I lean back in my seat and take a deep breath. I keep telling myself I got lucky. The bullet wound was not as bad as it could’ve been. At least that's what the medics said when they took me and a dozen or more people back to the nearest hospital. They stitched up the wound, told me not to walk on it. Wrapped it up. Like my problems were instantly solved with a bandage. But the pain that it leaves on every part of me is overwhelming. My mother sighs, and stands up, walking away to give me some space. I looked over at the food she had set out for me an hour ago. It was cold, but I was starving and there was something in my head that yelled at me to wake up. What was I doing? Snap out of it. You’re ok. I am ok. It could’ve been so much worse, the end of everything for me, and it wasn’t. So, what about all those people that aren’t, ok?

When I was six and my family and I lived in the States, my parents separated and my mom moved to Brazil, her home. I stayed with my dad because I was in school, I had friends, and there was no point in uprooting me so suddenly as a kid. Well, that was the thought.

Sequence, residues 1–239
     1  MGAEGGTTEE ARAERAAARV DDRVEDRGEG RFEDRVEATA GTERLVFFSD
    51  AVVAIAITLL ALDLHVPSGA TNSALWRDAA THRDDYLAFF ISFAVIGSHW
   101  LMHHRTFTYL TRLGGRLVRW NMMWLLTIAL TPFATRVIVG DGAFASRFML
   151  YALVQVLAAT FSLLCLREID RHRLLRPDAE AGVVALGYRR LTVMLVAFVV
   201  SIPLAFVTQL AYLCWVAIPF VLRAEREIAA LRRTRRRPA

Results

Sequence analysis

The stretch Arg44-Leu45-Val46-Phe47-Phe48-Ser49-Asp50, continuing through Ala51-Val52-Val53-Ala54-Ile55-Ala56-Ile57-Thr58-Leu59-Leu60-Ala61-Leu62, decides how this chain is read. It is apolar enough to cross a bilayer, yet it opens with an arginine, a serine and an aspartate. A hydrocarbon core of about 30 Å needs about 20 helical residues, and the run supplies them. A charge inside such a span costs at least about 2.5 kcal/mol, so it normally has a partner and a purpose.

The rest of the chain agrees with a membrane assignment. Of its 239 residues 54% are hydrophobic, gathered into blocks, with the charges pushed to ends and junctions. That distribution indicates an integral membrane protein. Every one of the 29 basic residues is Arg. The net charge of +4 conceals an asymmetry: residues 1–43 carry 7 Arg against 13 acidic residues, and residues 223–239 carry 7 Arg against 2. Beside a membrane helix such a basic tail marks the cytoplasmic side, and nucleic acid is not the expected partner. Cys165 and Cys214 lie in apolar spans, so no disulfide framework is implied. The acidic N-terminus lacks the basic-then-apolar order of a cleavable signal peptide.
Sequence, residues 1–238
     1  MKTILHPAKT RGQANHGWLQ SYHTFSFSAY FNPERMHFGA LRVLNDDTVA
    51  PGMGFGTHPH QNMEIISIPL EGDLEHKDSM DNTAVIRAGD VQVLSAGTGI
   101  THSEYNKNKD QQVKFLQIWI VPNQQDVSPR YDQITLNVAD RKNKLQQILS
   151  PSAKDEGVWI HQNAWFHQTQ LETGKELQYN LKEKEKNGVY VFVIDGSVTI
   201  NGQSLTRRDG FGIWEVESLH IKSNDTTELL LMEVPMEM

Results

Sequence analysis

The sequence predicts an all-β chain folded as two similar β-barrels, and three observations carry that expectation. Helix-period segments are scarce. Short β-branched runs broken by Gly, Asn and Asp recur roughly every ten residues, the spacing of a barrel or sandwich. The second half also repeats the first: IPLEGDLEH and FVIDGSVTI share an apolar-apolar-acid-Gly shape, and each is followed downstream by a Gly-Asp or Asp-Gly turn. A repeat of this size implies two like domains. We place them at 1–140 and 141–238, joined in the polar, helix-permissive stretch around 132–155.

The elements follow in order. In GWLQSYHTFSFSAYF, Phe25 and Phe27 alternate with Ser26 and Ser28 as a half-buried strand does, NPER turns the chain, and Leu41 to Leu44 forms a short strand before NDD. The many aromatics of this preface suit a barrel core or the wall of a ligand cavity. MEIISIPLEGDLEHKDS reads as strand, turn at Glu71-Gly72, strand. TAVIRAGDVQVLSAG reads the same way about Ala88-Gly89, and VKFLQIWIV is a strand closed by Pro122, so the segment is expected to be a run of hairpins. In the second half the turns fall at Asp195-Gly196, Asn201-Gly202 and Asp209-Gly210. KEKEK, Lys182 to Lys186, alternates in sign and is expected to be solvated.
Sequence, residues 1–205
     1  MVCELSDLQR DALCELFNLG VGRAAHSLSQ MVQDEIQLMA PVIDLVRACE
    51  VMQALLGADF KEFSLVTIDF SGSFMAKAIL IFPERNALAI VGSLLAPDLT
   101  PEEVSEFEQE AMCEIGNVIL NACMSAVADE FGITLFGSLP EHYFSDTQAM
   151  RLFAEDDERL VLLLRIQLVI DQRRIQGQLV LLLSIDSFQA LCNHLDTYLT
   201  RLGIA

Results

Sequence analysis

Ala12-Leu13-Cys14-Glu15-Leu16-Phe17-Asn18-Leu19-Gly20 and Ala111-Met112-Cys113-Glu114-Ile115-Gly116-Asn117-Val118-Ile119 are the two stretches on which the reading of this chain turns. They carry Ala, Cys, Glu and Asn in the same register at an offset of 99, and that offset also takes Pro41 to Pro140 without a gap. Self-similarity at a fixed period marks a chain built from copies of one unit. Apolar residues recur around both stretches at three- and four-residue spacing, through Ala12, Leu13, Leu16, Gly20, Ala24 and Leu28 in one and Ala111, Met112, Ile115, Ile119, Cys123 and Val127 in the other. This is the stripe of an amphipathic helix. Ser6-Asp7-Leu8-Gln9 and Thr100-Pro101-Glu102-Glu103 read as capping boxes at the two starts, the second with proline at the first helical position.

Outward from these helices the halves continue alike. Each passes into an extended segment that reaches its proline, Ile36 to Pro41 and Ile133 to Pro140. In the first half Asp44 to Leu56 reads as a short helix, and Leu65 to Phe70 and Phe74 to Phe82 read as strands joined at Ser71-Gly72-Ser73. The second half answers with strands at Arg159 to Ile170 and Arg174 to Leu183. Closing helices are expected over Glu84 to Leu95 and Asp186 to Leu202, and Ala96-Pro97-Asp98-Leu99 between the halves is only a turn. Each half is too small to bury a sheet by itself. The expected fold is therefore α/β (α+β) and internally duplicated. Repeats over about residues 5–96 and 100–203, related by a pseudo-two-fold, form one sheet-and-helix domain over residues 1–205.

However, my dad and I didn’t live in the greatest place, and we didn’t have the best relationship, which only got worse as I got older. He once told me that the best feelings, the best moments in life are temporary. That is to say, he wasn’t necessarily an optimist or a prime example in my life, and I thought he was crazy. When I was nine, my father was murdered on the streets in front of me, and something clicked in my head. Even at a young age, I thought I need to find somewhere I can stay forever. If I don’t do it now, I’ll always be lost.

It wasn’t because Brazil was a safer place for me, because it wasn’t, but I found a home there really fast and I wanted it to be a sanctuary, a place my mom and I could settle. It took a while, but I found a safe place even on the darkest nights. Maybe my dad was right. Maybe the good things in life are impossible to hold onto forever.